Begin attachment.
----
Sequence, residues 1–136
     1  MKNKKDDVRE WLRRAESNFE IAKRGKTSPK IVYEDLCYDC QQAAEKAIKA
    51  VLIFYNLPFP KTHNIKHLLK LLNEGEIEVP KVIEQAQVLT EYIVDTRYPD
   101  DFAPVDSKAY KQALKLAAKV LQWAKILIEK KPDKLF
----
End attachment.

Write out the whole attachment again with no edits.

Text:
Sequence, residues 1–136
     1  MKNKKDDVRE WLRRAESNFE IAKRGKTSPK IVYEDLCYDC QQAAEKAIKA
    51  VLIFYNLPFP KTHNIKHLLK LLNEGEIEVP KVIEQAQVLT EYIVDTRYPD
   101  DFAPVDSKAY KQALKLAAKV LQWAKILIEK KPDKLF